Ng said Chu received wide acclaim for her 2019 book Females in which she “delves into detail about what kinds of porn” Chu likes to masturbate to. One of Chu’s favorite genres is “sissy porn,” which involves men wearing women’s underwear and being forced into submissive or feminine roles.
“Sissy porn did make me trans,” Chu once wrote.
Let’s just say I’m not alone in questioning Chu’s Pulitzer Prize worthiness.
Meanwhile, the New York Post reported today that Bud Light is offering generous rebates from now through May 31 that potentially amounts to getting paid to drink the “beer” as parent Anheuser-Busch struggles to contain the significant sales decline in wake of choosing transgender TikTok star Dylan Mulvaney as a brand ambassador. Customers who purchase a 15-pack or larger of Bud Light, Budweiser, Budweiser Select or Budweiser Select 55 will receive a $15 rebate.
At this writing, a 15-pack of Bud Light is listed for $12.99 on Target’s website, meaning you can pocket $2 for yourself if you order a case of Bud Light from Target. If you don’t want to drink the swill, you can donate it to Kid Rock who can repurpose the stuff.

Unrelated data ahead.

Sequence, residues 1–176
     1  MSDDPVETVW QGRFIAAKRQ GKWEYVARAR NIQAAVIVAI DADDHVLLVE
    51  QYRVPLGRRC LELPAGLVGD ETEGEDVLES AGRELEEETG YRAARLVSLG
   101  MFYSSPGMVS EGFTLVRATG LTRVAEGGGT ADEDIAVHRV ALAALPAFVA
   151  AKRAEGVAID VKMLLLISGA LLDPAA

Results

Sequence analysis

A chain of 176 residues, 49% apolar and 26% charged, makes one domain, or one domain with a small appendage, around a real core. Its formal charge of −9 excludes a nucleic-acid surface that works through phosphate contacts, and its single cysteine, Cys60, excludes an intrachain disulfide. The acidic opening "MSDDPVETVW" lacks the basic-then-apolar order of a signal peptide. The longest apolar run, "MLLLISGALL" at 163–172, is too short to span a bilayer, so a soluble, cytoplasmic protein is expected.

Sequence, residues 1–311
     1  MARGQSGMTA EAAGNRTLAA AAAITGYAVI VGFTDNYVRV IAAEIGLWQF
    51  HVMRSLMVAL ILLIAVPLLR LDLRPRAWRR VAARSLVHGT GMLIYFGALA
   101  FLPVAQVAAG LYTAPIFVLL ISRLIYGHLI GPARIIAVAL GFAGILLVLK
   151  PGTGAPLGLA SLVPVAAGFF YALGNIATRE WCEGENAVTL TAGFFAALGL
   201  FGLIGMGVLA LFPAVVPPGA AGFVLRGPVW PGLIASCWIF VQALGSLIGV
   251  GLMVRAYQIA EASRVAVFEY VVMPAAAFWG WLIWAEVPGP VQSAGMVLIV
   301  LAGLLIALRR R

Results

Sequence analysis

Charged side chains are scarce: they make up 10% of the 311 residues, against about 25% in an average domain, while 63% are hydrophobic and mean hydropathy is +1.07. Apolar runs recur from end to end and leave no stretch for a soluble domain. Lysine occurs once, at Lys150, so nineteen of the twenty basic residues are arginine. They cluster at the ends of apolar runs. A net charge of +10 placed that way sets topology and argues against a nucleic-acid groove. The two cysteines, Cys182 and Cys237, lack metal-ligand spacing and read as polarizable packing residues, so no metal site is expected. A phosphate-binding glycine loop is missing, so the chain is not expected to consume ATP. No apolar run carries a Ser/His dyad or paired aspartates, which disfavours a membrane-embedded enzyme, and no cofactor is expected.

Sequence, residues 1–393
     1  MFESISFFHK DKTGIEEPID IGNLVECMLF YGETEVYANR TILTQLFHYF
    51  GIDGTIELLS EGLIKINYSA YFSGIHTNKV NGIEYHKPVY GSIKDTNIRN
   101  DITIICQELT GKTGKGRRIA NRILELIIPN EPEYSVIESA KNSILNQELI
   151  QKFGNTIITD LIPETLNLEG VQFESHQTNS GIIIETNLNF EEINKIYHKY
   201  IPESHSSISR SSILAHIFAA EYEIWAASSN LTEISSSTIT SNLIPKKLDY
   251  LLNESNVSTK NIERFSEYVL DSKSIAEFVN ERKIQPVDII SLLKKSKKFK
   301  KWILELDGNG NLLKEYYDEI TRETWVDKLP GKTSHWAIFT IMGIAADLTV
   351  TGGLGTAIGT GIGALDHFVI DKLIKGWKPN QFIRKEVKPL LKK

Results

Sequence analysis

Me thinks that Bud Light and Target should run a joint promotion. Target recently introduced women’s style swimsuits that advertise “tuck-friendly construction” to hide male genitalia.
Target might also want to introduce the Dylan Mulvaney collection, featuring a display of its tuck friendly bathing suits, cases of Bud Light, and the bubble bath brand Mulvaney used for her infamous Bud Light bathtub photo shoot.
An undeniable truth about Mulvaney is that she is indeed an “influencer.” I will forever associate Bud Light with her luxuriating in a bubble bath featuring cans of the awful beer.
This post was updated on May 25 to reflect reporting by The (Sonoma) Press Democrat.